• Barcode Ireland Team

The power of ‘Free' in retail.

Updated: Oct 19, 2020


The psychology behind the free sample in maximising sales and cementing customer loyalty.


Lets face it, everyone loves a free gift! However, the idea of giving away a product for ‘free’ can seem counter intuitive as it will require an hefty initial investment by the retailer. Although, at least initially, an expensive marketing method, conversions to sales can be as high as 90% and in terms of reaching customers, free samples are often more powerful and much cheaper in the long run than alternative marketing strategies, such as traditional advertising.


Free samples can be used to:

  • Test customer receptiveness to a new product prior to full production

  • Introduce your product to new audiences

  • Cement brand loyalty with existing customers

  • Increase knowledge around your various products

  • Entice repeat customers and increase sales of new products

  • Promote competitive differentiation

Marketing studies show that some 82% of samplers are more likely to purchase a product after sampling it. In order to understand the power of the freebie in boosting sales, we need to understand the psychology behind it.

Assists in customer decision making

Free sampling assists customers through the 'buyer decision process' when making a purchase. They have identified a need, want, problem to which there are many alternative solutions. Research then informs and influences shoppers choices between these varying alternatives with factors such as price, availability, and personal preferences all considerations. The free sample declutters this process by offering the consumer a tangible experience of the retailers solution thereby swaying the customers decision favourably.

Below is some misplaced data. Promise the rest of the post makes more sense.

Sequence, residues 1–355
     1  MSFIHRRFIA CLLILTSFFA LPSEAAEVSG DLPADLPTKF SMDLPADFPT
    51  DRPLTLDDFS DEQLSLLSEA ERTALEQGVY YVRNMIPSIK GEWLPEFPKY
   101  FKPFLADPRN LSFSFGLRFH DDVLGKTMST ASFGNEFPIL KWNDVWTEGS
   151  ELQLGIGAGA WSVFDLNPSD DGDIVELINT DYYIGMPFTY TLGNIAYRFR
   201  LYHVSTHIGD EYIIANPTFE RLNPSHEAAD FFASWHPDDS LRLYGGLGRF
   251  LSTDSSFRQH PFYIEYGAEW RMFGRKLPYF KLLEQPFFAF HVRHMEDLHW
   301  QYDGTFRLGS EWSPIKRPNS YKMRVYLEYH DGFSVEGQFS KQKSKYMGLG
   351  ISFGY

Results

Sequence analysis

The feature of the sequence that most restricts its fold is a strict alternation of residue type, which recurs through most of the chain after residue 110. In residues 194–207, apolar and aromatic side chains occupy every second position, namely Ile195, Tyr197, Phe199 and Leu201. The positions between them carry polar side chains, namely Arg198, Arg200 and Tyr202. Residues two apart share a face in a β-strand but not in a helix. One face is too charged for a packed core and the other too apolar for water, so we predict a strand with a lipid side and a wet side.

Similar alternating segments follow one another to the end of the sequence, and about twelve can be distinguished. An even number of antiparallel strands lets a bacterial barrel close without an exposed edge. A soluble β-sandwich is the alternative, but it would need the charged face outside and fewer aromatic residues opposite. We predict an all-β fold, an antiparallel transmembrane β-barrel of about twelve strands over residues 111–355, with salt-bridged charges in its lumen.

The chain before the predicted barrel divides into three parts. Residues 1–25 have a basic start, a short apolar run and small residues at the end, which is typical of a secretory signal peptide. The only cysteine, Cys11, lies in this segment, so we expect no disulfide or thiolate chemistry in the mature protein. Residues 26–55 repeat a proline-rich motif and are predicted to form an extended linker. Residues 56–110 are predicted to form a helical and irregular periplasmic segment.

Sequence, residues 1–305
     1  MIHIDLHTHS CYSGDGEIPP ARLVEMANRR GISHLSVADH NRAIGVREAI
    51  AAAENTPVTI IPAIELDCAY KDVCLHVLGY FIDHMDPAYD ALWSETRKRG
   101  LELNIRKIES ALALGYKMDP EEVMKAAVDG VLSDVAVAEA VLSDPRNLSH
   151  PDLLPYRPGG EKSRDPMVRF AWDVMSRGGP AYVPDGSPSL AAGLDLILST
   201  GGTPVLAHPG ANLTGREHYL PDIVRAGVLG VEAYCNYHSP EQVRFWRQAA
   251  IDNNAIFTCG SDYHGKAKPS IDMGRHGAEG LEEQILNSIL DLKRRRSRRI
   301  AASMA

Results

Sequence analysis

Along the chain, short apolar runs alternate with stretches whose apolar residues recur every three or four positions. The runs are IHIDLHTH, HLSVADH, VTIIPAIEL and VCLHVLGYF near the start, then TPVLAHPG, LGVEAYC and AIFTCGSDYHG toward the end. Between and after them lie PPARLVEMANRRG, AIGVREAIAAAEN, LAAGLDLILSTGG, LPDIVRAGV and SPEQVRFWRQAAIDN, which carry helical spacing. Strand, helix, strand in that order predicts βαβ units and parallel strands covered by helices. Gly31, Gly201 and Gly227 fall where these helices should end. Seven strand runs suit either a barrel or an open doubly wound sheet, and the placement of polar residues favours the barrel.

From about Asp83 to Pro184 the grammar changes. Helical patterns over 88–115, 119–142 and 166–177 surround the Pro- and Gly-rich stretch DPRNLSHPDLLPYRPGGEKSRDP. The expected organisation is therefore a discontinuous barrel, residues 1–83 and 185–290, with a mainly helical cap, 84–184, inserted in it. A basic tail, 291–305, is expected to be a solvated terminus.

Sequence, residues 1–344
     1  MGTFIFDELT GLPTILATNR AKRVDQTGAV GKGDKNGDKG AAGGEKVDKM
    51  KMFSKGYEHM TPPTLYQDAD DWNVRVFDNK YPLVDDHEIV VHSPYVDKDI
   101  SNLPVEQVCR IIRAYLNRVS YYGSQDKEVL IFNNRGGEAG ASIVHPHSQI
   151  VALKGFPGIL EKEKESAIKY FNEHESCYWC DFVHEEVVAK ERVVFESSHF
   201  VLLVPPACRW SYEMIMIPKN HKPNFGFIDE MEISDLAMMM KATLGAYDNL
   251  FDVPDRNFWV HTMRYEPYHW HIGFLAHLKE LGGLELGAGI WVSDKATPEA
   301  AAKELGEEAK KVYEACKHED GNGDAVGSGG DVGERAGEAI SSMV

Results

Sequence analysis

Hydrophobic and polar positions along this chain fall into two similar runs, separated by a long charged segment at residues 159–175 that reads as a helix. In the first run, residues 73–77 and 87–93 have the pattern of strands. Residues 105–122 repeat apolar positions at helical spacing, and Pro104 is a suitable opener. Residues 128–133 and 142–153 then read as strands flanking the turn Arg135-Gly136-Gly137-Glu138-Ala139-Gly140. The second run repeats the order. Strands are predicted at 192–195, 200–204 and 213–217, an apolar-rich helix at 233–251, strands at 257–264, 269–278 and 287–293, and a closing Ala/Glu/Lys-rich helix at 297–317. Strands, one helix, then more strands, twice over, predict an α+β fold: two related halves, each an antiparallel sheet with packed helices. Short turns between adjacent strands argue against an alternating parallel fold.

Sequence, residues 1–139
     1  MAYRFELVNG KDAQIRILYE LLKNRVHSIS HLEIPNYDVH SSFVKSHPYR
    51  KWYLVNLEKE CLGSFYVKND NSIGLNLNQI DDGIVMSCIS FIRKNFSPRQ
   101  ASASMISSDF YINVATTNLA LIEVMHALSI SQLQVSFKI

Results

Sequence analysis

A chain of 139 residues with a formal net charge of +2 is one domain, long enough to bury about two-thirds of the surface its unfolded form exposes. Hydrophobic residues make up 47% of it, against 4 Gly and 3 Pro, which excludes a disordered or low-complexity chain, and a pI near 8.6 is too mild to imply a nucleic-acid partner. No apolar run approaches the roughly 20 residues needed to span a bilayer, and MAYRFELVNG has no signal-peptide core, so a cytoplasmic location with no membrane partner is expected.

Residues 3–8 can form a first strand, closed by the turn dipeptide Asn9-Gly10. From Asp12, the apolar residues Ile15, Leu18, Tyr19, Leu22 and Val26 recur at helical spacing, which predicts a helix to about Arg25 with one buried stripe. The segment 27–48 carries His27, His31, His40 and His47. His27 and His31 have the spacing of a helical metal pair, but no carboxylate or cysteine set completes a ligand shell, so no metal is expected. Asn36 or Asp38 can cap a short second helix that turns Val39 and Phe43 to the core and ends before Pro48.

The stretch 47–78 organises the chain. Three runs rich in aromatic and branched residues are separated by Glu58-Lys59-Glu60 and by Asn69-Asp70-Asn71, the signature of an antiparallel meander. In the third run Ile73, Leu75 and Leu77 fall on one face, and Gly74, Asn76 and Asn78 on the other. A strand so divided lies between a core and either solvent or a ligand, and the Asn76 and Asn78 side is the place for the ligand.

Interestingly, shoppers react more positively to offers where they receive something free than when they get something discounted, even though essentially its the same deal. The power of free means we perceive the value of free products to be higher than their actual worth.

There are three main psychological principals influencing our response to and decisions around freebies.


The Principal of Reciprocity

Dr. Robert B Cialdini, Professor of Psychology at Arizona State University, in his book ‘Influence: The Psychology of Persuasion’, describes The Reciprocity Principal, in which the innate human trait of reciprocity can be used as a marketing strategy to influence customers behaviour.

In essence, the rule of reciprocity states that when someone does something ‘nice’ for you, you feel socially obligated to reciprocate. If someone offers you a free sample, you feel ‘compelled’ to respond by doing something ‘nice’ in return such as ‘thanking’ them by making a purchase.


Phenomenon of Social Proof

The phenomenon of ‘Social Proof’, where people conform to the choices of the majority, even if they are incorrect, is a powerful tool for marketers. Demonstrated in a social conformity study by psychologist Solomon Asch (1951), the reasons cited by participants for going along with the majority were a) they wanted to fit in with the group and b) they felt the group to be better informed.

A further study by psychologist Joe Pinsker, suggests that “samplers with a heightened awareness of the presence of others at the sampling station may feel a level of social ‘pressure’ to make a post-sample purchase.”